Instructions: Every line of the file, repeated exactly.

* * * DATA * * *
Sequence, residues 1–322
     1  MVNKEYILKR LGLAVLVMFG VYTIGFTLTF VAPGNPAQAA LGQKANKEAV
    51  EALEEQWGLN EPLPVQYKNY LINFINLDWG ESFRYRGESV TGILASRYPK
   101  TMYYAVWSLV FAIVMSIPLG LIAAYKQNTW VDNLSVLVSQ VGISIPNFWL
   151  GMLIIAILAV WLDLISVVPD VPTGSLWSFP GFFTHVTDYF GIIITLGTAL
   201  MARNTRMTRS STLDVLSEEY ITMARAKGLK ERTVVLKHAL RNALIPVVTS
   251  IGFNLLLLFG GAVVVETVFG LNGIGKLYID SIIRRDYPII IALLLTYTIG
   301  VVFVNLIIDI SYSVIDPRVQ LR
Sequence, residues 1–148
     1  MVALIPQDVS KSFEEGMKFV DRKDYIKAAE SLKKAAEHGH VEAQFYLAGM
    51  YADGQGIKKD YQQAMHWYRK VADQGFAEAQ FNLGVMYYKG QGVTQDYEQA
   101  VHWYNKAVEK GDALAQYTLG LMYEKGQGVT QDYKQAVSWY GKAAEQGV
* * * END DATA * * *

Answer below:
Sequence, residues 1–322
     1  MVNKEYILKR LGLAVLVMFG VYTIGFTLTF VAPGNPAQAA LGQKANKEAV
    51  EALEEQWGLN EPLPVQYKNY LINFINLDWG ESFRYRGESV TGILASRYPK
   101  TMYYAVWSLV FAIVMSIPLG LIAAYKQNTW VDNLSVLVSQ VGISIPNFWL
   151  GMLIIAILAV WLDLISVVPD VPTGSLWSFP GFFTHVTDYF GIIITLGTAL
   201  MARNTRMTRS STLDVLSEEY ITMARAKGLK ERTVVLKHAL RNALIPVVTS
   251  IGFNLLLLFG GAVVVETVFG LNGIGKLYID SIIRRDYPII IALLLTYTIG
   301  VVFVNLIIDI SYSVIDPRVQ LR
Sequence, residues 1–148
     1  MVALIPQDVS KSFEEGMKFV DRKDYIKAAE SLKKAAEHGH VEAQFYLAGM
    51  YADGQGIKKD YQQAMHWYRK VADQGFAEAQ FNLGVMYYKG QGVTQDYEQA
   101  VHWYNKAVEK GDALAQYTLG LMYEKGQGVT QDYKQAVSWY GKAAEQGV